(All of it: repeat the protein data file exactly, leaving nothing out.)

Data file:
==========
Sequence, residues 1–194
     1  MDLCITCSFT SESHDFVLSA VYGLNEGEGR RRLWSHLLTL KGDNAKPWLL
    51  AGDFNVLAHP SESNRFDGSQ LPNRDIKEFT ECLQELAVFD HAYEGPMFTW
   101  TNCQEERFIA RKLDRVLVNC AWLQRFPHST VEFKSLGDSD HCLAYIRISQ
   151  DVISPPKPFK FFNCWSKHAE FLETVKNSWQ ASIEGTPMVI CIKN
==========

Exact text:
Sequence, residues 1–194
     1  MDLCITCSFT SESHDFVLSA VYGLNEGEGR RRLWSHLLTL KGDNAKPWLL
    51  AGDFNVLAHP SESNRFDGSQ LPNRDIKEFT ECLQELAVFD HAYEGPMFTW
   101  TNCQEERFIA RKLDRVLVNC AWLQRFPHST VEFKSLGDSD HCLAYIRISQ
   151  DVISPPKPFK FFNCWSKHAE FLETVKNSWQ ASIEGTPMVI CIKN